Life here is going on as usual.  Gabby (middle daughter) came up yesterday and helped with jobs that I couldn't manage on my own.  Emptying the back guttering of large gobbets of moss from the roof (the hot summer dried it out and it slid down and blocked said gutters), then carrying the loungers up to overwinter in the polytunnel, and carrying a sack of rain-sodden compost across to fill a planter which we put my latest rose in.  This is gorgeous - a gift from my (4th?) cousin - we met via Ancestry I think - and this was the first time we met up. The rose has gold/red tinted buds and the flower ends up a blush pink and yellow centre.  Lovely.

We also changed our bed around so that Keith had the side nearest the door.  A bit of a palaver but it needed doing, though it felt strange to be on the opposite side last night and the memory foam must have the memory of Keith's outline as it felt strange to mine! We both slept deeply, having been awake since 4.15 and up early too as we couldn't get back to sleep.

I steeled myself to go and collect Theo's ashes and not break down in front of the entire waiting room.  There were tears, but I managed to hold most back and the receptionist was very sympathetic.  So now there is a little pine box with a brass nameplate on it on the window ledge in the Library, where he liked to sit and view the world.

Tam is here over the weekend, so that is something to look forward to now. Not sure if we'll get a walk in as I think gales are predicted.  It's been raining steadily for most of the day.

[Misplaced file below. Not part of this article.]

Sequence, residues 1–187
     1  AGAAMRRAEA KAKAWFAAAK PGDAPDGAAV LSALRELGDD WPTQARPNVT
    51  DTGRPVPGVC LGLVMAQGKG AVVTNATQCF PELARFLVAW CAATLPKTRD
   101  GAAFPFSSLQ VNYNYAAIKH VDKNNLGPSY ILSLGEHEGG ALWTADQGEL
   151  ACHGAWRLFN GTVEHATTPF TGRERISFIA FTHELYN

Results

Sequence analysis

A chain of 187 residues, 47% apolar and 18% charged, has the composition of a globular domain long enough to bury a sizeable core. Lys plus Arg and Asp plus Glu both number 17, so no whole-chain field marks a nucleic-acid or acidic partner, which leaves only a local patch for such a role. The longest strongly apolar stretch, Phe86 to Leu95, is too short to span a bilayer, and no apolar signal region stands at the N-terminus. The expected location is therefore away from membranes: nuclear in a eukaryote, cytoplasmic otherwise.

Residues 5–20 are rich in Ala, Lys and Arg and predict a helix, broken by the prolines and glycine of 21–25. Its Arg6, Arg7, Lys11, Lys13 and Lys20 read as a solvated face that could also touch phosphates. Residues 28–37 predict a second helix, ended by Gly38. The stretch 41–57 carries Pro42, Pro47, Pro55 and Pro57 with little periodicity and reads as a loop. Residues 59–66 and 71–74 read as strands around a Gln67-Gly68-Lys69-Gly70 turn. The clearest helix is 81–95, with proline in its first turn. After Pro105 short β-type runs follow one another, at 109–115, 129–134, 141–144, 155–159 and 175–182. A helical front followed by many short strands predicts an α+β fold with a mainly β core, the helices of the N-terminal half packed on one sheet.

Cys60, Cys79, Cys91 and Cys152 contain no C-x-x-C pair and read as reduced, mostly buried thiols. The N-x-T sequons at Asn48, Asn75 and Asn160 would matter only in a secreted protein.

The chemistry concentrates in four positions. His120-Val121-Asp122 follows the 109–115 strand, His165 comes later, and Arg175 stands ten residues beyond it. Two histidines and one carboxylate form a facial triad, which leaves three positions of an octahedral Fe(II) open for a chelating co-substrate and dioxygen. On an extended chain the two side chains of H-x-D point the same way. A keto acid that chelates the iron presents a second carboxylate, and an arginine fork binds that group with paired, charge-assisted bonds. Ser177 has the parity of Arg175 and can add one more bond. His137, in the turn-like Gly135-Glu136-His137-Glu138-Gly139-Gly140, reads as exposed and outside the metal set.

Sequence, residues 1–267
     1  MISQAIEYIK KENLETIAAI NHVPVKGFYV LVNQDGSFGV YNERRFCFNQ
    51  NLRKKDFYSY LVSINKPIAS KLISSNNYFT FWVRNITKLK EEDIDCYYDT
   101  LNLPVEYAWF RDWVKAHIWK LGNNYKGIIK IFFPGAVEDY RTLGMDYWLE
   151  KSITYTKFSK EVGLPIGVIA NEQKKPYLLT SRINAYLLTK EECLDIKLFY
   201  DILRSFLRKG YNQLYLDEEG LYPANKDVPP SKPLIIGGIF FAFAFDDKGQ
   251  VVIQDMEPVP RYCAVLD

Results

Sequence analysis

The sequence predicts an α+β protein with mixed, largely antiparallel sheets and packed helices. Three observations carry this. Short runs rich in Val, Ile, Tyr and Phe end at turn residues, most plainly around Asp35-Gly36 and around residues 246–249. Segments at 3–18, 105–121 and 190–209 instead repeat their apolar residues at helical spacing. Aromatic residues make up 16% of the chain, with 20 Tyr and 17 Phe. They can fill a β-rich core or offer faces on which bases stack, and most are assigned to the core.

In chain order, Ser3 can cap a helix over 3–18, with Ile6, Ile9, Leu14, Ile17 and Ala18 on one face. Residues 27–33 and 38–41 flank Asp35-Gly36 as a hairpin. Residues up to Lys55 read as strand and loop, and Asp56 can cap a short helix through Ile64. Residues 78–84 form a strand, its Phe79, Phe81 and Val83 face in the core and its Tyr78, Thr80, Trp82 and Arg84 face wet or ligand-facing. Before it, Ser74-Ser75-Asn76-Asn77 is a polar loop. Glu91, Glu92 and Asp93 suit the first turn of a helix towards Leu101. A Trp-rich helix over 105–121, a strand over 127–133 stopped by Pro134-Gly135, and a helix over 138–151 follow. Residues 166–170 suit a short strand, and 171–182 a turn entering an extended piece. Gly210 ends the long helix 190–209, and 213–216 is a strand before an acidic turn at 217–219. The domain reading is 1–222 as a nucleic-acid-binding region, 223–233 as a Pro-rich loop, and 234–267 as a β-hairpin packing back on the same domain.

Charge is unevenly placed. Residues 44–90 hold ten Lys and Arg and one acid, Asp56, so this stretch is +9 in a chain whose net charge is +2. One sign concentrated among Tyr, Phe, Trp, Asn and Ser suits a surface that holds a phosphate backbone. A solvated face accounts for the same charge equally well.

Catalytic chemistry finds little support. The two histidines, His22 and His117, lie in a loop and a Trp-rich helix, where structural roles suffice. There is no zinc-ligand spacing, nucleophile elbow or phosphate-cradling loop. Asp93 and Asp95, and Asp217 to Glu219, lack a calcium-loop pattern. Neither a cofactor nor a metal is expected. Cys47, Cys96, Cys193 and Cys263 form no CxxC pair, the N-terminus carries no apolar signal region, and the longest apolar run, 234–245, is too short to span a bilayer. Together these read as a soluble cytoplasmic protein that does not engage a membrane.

Have a lovely weekend all.

Tuesday 27 September 2022

The Thomas Shop, Penybont


Pam and I went to the nursery near Crossgates last week and then popped down the road to The Thomas Shop at Penybont, for a cup of tea and a piece of home-made cake (Victoria Sponge, very good it was too).  This is the back of the shop - I said to Pam, I can remember having a bath in a tin bath like the ones on the wall.   The coal fire would be burning warmly, and the bath filled up and the folding clothes horse put around it, draped in a blanket to keep off the draughts.  MUCH better than the icy bathroom!  Note that wooden panel in the top window - perhaps  it was the children's room and if it got hot in summer they would open that to let air in, but the children still couldn't escape!  Never seen its like before.

Downstairs is a little cafe, and upstairs books for sale, 2nd hand and a few new.

Then through into the Wool Emporium which has displays of locally made crafts, including patchwork too.

One corner housed a loom and a spinning wheel.

Isn't he fun?  A proddy Tiger (rag rug).

Patchwork corner.

A lovely hand-made hurdle, polished smooth.

Then across to the Museum. Originally the shop and much stock was left there, but people have also donated all sorts of old curiosities from their homes.